Watch the interview with Keimpe. The first ten minutes discuss the Waag and the Creative Learning Lab. The real fun starts at 10:48 into the video, where Keimpe challenges the “do it yourself” movement with “do it together” collaboration. Using open source concepts, Keimpe explains how “we” can be better than “me.” At 14:45, he shares some products bring developed at the Fab Lab, including a $100 $50 prosthetic leg and tank tread upgrades for wheel chairs.

This was my second visit to the Fab Lab in Amsterdam. For a summary of my previous visit, and comparisons to the Fab Lab at Century College in Minnesota, click here.

July 20 update: Keimpe wrote to correct that the Fab Lab is working on a $50 prosthesis, not a $100 prosthesis. Even better!

Ethical cheating: Getting ahead in formal education

My frequent collaborators, Arthur Harkins and George Kubik, recently published an article on “ethical” cheating for On the Horizon. That is, “cheating” within “the context of digital-era learning that involves open-source collaboration and the ready sharing of ideas, knowledge, and information.”

In other words, we use technologies to help us get ahead in other areas of life. Why not embrace them? I prefer that my banker use a computer to help her compute my finances rather than employing long division and other “analog” approaches to doing math. Why not permit the purposive use of technologies to help students get ahead, too?

From the article:

We assert that advancements conferred by the increasing capability and availability of digital technologies are altering the definitions of scholarly literacy and scholarly practice. Three technological advancements in particular are accelerating these changes: telecommunications; networking; and digital retrieval, copying, and pasting. It is a world in which knowledge relevance overtakes knowledge fidelity as significant measures of competency and application. This is nothing less than a shift from just-in-case to just-in-time knowledge access, development, and application.

2009 in review: Results from the annual prediction game


[Photo by darkmatter]

Keeping with Education Futures’ annual tradition, I released five predictions for global education in 2009 early last year.

How did I do?

Much better than my predictions for 2008! Let’s look:

  1. No Child Left Behind won’t get left behind. Contrary to all the data that shows that NCLB is a miserable failure, it still has too many fans within the Washington Beltway to disappear. Besides, would the Obama administration want to send a message that they’re giving up on the noble quest of educating all children? NCLB is here to stay, but it will evolve into something else. Would we recognize it by 2010? — Yes, NCLB is still here, but it hasn’t changed a bit. Perhaps there’s hope for 2010?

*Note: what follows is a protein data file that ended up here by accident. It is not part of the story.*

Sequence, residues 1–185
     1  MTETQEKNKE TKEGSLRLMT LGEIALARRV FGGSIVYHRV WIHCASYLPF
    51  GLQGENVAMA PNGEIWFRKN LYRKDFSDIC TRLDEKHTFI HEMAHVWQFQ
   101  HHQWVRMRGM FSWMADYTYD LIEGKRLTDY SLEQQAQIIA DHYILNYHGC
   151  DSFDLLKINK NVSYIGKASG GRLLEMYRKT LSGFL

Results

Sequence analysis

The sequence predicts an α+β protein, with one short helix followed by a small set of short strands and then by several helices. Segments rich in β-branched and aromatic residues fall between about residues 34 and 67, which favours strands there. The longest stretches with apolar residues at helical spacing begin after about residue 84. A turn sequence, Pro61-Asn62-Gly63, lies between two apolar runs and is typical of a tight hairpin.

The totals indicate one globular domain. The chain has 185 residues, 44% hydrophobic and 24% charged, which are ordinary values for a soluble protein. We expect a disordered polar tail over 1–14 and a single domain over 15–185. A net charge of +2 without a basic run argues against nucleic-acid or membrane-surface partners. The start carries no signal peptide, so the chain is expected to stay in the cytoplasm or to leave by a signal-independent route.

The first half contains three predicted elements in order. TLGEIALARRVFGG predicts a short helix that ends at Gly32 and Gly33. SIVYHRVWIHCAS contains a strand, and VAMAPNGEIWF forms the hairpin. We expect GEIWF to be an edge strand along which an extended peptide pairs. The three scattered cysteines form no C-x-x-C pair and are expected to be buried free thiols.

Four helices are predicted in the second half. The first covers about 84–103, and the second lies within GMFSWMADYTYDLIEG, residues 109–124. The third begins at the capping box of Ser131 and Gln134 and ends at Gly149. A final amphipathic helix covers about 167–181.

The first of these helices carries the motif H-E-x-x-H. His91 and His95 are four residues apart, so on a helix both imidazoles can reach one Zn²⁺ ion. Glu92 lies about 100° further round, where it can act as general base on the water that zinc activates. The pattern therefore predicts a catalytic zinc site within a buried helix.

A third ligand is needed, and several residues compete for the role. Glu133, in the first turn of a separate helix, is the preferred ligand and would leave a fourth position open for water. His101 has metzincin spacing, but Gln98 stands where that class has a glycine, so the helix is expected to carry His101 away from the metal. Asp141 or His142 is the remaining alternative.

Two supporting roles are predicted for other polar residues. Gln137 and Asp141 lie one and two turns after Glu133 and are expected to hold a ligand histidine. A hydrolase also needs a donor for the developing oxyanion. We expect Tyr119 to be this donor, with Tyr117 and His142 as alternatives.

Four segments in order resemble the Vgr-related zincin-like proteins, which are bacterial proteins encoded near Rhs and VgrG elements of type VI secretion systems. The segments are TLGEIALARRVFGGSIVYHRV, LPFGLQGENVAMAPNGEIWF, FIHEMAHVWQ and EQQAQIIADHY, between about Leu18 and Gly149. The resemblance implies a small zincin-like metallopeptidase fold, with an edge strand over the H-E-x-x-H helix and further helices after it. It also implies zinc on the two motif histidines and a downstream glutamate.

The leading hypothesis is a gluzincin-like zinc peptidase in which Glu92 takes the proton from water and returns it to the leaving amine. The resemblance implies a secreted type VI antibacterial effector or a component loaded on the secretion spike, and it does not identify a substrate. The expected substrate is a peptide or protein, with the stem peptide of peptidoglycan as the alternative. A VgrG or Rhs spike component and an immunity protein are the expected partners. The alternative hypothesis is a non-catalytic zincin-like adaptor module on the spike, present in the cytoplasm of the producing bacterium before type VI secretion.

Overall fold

2. The economic downturn will get much worse before it gets better, but the international impact will be greater than within the U.S. Expect economic tragedies in China and elsewhere that depend on exports to the U.S. and other highly industrialized nations. — The jury’s still out on this one. We’ll have to wait until the recession is over for hindsight … especially the impact on China.
  3. With limits in available venture capital and new development funds within corporations, technological innovation will slow in the United States. Companies will focus on improving their core products and services at the expense of research and development. What does this mean for education, which is in desperate need of transformative, innovative technologies? — The effect on schools, which are dependent on tax revenue, was much worse in 2009 than I could imagine. Many institutions are abandoning thinking about innovative ideas to focus instead on how they will pay for basic services such as bussing and utilities.
  4. The footprint of open source software will increase, but development will slow down. Unless if a business is committing code to the OSS community, individuals and corporations have fewer time resources available to contribute to projects. However, OSS adoption will increase as a cost-saving measure in homes, offices and schools. (This contrasts with last year’s prediction, where I said “education-oriented open source development will boom.”) — The real growth in 2009 was centered around social technologies and social media. Many of these can translate into the education sector well.
  5. I’m keeping my money on India, and repeating last year’s prediction: India is the place to be. As more U.S. companies quietly continue to offshore their creative work to India, India’s knowledge economy will boom. The world will take notice of this in 2008 2009. — India continues to develop its human capital resources. I’m keeping my money here through 2010 as well.

Settlers of the Shift

New World Order 2.0

I like conceptual maps –tools for illustrating the relationships among ideas– and, Tero Heiskanen created an interesting one. It’s huge. Without any further commentary:

Settlers of the shift is an open map of experts, organizations and ideas that are scattered around the globe. It’s for people whose work is shifting us towards a better tomorrow – a New World Order 2.0. This map aims to encourage people to connect across sectors and enable you to tie partnerships with like-minded individuals.

And:

Six values are suggested as a common backbone for the partnerships:

  • Justice: fair and honest treatment of everyone involved
  • Co-creation: synergistic dialogue and collaboration
  • Meaningfulness: solutions to problems worth solving
  • Generosity: giving time and resources for the sake of giving
  • Dignity: acting in a respectful and ethical manner
  • Abundance: denying artificial scarcity and limitations

(Thanks to Pekka Ihanainen for sharing this find!)

Curriki: Open source education materials

Screen shot 2009-11-11 at 2.27.05 PMOpen source collaborative content holds the promise of freely distributed high-quality education materials. Developing and sustaining the community to needed to accomplish that is the difficult part.